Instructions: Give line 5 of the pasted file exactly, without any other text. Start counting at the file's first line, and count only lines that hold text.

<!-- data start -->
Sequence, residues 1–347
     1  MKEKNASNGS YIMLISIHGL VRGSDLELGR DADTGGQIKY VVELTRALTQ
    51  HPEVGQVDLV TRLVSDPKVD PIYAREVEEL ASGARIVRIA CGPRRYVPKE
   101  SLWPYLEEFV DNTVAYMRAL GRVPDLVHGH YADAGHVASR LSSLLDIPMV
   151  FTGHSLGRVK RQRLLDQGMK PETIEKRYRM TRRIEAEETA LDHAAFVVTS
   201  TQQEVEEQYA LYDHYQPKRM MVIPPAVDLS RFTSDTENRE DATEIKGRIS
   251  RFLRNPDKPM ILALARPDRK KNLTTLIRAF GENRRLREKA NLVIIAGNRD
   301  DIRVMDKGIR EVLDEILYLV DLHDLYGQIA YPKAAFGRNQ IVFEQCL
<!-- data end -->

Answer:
   151  FTGHSLGRVK RQRLLDQGMK PETIEKRYRM TRRIEAEETA LDHAAFVVTS